There is something about the aroma of a worn book that induces a sense of nostalgia. Print aficionados have fought to maintain the sanctity of printed press, but as the popularity of eReaders and tablets continues to rise, how long can book-advocates withstand the pressures of a technology-driven society?
With Apple’s iPad, Amazon’s Kindle, and Barnes & Noble’s Nook leading the revolution, more and more readers are turning to the instant gratification of eBooks and digital readers over more traditional mediums. They can now hold entire libraries in their hands, buy a book with the tap of a finger, and read until their screens go dark. So what’s not to love?
Some argue the experience is not the same. A book’s battery never goes dead. Browsing an App Store can’t compete with wandering the shelves of a bookstore and running your fingers along the spines. Holding a book in your hands, with its binding and tangible pages, doesn’t feel the same as holding plastic, aluminum, or glass. Books are permanent entities whereas digital media feels ephemeral; an ebook you own could be there one day and gone the next, but a printed media will withstand decades. Actor and journalist Stephen Fry said recently, “Books are no more threatened by the Kindle than stairs by elevators.” Other authors would agree that while eBooks are convenient, they will never replace print.
However, some statistics show that the move towards eReaders is happening more aggressively. In a recent article, The Wall Street Journal estimated that one in six Americans now uses an eReader, a number that has nearly doubled since 2010. That statistic is estimated to more than triple in these next few years, which leads to the question, what will become of print?
The bright side to this new trend is that eReaders aren’t entirely replacing books in American households; many readers own both an eReader and a hearty bookshelf filled with volumes of print. According to the Wall Street Journal, amongst eReader users only 6% admit to not purchasing a single book in the past year, which is a much better percentage than the 32% of Americans who haven’t purchased a book at all in the past year. Perhaps the accessibility of books on an eReader increases not only book sales, but also reading and literacy rates.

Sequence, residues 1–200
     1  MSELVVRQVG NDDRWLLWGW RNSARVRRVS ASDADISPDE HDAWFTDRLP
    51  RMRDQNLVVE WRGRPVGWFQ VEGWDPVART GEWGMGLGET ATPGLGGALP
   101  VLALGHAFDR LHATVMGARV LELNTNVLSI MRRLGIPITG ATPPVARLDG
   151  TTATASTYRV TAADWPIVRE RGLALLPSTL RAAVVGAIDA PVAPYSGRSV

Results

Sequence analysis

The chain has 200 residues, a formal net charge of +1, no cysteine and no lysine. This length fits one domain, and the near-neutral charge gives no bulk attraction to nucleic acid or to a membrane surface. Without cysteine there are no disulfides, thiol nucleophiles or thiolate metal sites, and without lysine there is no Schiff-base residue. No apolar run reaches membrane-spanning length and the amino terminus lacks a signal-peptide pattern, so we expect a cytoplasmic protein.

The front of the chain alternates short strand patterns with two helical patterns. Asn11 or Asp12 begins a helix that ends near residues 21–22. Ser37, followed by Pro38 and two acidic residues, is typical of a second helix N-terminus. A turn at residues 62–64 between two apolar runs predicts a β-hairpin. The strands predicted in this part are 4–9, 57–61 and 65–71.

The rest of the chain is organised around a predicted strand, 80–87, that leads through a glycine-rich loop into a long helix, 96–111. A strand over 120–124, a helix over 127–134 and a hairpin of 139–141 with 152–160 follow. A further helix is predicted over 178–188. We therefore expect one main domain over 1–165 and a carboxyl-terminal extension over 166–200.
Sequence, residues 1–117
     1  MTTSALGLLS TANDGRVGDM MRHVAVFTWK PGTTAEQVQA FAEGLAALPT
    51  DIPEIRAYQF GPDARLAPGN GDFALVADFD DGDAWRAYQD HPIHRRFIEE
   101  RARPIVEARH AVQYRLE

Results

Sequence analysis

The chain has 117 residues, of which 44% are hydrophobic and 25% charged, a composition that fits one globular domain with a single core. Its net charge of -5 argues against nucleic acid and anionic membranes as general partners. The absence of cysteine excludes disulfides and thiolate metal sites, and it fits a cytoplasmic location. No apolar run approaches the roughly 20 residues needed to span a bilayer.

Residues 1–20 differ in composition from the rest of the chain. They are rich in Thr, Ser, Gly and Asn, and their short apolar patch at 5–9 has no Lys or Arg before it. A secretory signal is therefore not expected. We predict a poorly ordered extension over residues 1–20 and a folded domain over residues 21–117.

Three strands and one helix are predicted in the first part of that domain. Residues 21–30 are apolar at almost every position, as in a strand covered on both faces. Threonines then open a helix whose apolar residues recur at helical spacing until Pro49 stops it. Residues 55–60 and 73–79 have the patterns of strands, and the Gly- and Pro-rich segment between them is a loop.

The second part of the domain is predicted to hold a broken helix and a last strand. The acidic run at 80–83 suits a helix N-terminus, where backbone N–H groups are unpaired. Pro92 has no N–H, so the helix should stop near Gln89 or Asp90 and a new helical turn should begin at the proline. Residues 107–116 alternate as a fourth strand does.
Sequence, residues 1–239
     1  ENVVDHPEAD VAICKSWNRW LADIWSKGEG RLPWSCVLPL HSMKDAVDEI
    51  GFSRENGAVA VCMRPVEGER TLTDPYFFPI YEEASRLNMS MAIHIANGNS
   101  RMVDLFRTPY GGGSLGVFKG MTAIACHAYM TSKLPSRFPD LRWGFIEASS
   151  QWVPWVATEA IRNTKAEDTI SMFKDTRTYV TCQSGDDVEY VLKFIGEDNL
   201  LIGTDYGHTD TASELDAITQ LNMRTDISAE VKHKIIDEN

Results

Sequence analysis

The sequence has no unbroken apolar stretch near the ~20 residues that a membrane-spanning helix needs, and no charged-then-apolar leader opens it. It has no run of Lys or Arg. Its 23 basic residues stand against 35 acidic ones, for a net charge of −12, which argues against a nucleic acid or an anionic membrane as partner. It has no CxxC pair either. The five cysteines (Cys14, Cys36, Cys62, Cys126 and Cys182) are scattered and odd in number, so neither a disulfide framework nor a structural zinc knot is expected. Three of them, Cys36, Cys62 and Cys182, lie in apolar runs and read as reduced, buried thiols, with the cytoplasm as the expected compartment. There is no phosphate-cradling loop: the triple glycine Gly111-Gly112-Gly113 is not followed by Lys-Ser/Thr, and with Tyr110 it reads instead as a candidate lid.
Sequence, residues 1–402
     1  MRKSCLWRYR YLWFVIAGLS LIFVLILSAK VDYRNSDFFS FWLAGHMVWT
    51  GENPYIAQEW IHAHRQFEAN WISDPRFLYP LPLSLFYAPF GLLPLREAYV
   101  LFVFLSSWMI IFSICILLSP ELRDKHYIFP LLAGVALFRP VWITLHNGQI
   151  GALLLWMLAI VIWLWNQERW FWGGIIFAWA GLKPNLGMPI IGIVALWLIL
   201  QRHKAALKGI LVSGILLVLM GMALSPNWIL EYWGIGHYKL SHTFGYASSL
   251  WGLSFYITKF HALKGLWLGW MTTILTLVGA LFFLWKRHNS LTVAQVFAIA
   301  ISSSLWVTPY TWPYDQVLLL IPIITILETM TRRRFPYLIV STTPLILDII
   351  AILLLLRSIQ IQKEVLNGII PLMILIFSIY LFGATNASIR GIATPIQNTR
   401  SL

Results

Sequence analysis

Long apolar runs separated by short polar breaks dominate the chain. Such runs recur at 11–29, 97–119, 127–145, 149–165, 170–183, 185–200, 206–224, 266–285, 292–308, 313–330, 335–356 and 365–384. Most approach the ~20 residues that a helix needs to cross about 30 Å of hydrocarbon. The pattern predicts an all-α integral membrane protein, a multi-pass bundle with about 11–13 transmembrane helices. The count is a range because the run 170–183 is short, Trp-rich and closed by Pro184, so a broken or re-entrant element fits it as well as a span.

Both book lovers and eReader advocates have strong feelings on the topic. It will be interesting to see what the future holds for both print books and their digital counterparts.
With every new year comes a new edition of the Pushcart Prize and with it, the names of publications and pieces lucky enough to grace its pages. Known for compiling submissions from small presses all over the world, Pushcart has created a high standard of quality that authors and literary magazines alike hope to achieve. Perpetual Folly has released a ranking of Fiction, Non-Fiction, and Poetry submissions published in the Pushcart by each literary publication for 2012.
While some notable names like Tin House, Poetry, and Ploughshares grace the top spots, some new faces have also joined the ranks. The rankings are a great way to discover new publications and revisit some familiar magazines. You can also see rankings from 2010, 2009, and 2008.
The Pushcart Prize, known for its prestigious spot on the small press altar, has come under recent criticism for its narrowed scope. Pushcart editor Bill Henderson wrote in his introduction: “I have long railed against the e-book and instant Internet publication as damaging to writers. Instant anything is dangerous – great writing takes time. You should long to be as good as John Milton and Reynolds Price, not just barf into the electronic void.” There’s an excellent article about this comment in Luna Park, but we’d like to add our thoughts as well..
Publishing has come a long way since the days of stone tablets. Digital media has become a rapidly evolving field that is changing the way we consume literature. While some literary magazines have already converted to online platforms, other notable publications stand by their steadfast printers and traditional paper mediums.
The Pushcart’s bias against online publishing is apparent: only one submission from an online publication was printed in the 2012 Pushcart anthology. Pushcart had long been known for incorporating the best of the best small presses, but if it continues to disregard online publications, it will no longer be representative of small press publishing.
While not all online magazines uphold the same rigorous editing procedures of their print counterparts, many maintain traditional practices of print journals, with the only change being that they are free and immediately accessible.
We can understand Henderson’s argument to some degree. Online publishing, after all, is a double-edged sword. Often, editing is sacrificed in the name of immediate publication. An author can write a sentence and hit submit without a second thought. It can lack the craft and artistic value that many unplugged authors have spent years honing. However, online publication also opens doors to high-quality work. Connecting in a digital environment increases accessibility, eliminates physical printing constraints, and fosters collaboration and community. We have to ask ourselves, how long will Pushcart continue to ignore the growing field of online lit mags?